What went wrong was the shift cable had broken, so when I shifted into reverse the transmission actually was still in forward. So when I gave her gas to stop her I was actually powering the boat up onto the dock. No one cared about the mechanical failure, Oh no! All I heard about was how I had rammed the dock and stuck my boat on it.

                        So bottom line, we all have those moments and I can tell you that it is Murphey's law that it must be done in front of the largest crowd possible.

                        Think of it as earning your place among the many others who have paid their dues and chocked it up to another learning episode in the rode to being that captain that everyone thinks is so great and that has never had a problem.

                        One thing though, when you walk that dock after having a problem, put your head high because the difference between a professional and newbie is not freaking out and handling the problem and getting your boat and passengers safely to the dock. Show me someone who has never had a problem and I will show you someone who has never run a boat.
                        Patrick and Patti
                        4588 Pilothouse 1991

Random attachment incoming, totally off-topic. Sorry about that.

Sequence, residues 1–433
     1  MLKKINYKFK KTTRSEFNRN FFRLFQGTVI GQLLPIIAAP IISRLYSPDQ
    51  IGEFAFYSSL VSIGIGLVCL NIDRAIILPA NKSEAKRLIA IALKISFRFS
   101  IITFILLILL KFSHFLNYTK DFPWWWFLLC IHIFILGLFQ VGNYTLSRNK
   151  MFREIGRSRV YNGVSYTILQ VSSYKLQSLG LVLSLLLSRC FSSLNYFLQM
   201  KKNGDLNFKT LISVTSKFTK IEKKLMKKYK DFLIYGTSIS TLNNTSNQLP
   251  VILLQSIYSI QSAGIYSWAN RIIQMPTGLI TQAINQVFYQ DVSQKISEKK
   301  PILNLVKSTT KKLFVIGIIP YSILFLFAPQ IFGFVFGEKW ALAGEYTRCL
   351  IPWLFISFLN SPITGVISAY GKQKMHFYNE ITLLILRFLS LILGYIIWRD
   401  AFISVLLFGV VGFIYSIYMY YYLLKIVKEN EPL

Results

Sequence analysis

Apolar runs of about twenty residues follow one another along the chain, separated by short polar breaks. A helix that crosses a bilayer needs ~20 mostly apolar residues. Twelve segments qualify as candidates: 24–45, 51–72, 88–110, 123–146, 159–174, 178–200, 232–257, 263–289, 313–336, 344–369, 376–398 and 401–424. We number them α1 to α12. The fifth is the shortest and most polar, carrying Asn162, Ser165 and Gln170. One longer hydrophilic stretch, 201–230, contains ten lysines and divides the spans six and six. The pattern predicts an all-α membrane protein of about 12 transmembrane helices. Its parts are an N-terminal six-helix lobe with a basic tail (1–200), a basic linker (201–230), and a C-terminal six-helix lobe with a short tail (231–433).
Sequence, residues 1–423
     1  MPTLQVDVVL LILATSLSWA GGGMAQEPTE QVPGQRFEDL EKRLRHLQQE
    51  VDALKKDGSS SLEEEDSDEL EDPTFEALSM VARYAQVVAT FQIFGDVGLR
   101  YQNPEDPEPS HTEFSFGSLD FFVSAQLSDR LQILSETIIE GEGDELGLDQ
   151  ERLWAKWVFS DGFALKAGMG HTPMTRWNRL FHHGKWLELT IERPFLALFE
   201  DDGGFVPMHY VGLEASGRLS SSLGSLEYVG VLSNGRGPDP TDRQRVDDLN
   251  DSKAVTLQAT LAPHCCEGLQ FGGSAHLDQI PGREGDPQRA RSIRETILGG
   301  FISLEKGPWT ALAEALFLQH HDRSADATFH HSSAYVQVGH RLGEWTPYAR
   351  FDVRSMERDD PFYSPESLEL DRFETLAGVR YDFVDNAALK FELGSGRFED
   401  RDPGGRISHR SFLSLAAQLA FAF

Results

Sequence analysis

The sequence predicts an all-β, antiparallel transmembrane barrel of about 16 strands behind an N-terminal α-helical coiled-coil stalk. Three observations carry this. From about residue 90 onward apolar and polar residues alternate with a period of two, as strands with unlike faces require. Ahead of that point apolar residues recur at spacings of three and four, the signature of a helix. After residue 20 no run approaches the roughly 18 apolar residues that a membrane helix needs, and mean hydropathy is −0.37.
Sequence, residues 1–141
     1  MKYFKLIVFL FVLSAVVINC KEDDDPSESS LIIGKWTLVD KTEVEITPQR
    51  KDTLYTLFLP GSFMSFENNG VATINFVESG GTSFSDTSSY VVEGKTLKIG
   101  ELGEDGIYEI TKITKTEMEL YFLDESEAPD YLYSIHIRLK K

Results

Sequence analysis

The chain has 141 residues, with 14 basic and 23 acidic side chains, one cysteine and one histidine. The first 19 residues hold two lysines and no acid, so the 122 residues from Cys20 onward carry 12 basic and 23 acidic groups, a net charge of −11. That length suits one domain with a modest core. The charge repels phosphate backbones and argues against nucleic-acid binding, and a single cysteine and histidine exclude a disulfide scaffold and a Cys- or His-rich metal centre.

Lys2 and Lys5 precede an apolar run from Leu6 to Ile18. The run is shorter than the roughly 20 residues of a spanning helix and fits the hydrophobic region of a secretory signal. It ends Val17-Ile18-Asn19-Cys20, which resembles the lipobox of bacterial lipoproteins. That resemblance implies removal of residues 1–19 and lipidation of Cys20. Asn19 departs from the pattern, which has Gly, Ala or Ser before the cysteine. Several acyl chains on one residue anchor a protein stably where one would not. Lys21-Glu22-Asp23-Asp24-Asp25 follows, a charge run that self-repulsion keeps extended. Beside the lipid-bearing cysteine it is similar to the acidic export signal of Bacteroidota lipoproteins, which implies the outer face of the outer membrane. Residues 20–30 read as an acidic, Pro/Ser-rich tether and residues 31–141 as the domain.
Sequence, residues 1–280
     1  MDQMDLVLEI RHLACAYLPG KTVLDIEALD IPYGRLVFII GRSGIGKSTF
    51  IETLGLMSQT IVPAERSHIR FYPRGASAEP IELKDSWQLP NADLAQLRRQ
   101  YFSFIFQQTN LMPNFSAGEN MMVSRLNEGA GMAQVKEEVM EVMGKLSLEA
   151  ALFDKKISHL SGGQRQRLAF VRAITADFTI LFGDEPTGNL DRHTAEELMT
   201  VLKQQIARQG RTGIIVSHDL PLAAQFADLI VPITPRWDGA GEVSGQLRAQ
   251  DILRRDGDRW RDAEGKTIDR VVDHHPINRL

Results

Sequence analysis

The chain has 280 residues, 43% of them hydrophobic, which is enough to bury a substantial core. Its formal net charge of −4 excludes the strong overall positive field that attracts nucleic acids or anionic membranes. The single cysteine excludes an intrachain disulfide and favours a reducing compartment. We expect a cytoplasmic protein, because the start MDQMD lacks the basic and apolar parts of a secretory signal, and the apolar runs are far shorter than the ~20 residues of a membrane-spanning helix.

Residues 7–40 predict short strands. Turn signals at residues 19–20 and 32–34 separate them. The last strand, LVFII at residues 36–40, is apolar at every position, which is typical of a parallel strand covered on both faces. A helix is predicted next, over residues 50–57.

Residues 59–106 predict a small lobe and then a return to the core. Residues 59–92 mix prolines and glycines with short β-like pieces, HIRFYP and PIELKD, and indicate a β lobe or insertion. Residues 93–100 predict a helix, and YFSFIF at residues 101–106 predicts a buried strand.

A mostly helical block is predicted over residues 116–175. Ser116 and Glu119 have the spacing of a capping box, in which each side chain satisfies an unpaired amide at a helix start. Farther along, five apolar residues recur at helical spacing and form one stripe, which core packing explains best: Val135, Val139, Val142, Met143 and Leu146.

12ft Endeavor RIB 2013
                        M/V "Paloma"
                        MMSI # 338142921

                        Comment


                          #13
                          iceclimber wrote:
                          but those chumps hooting are just that and they can go pound sand. People should help, not hoot.
                          Exactly! There are so many factors that take over everyone's ability to pull into a crowded slip. It's not a car. You can't just come to a complete stop, back up, and do it over. Yet everyone standing around instead of offering to help - they are the ones that should have been ashamed - not you.

                          Comment


                            #14
                            We've all been there and done that at one time or another. He/she who laughs last laughs best. I am sure that most of them had been in your shoes at one time or another. Sometimes we just have to eat humble pie and move on. Good thing is, no one was hurt.
                            Rick Grew

                            1981 Carver 3007 Aft Cabin

                            2004 Past Commodore
                            West River Yacht & Cruising Club
                            www.wrycc.com

                            Comment


                              #15
                              I have done it many, many times. Sometimes it is when i do everything exactly the same in exactly the same conditions and it just goes wrong? I can't even count how many times I have ended up perfectly perpendicular to the dock and three feet away. Just keep laughing at it and it will all be OK.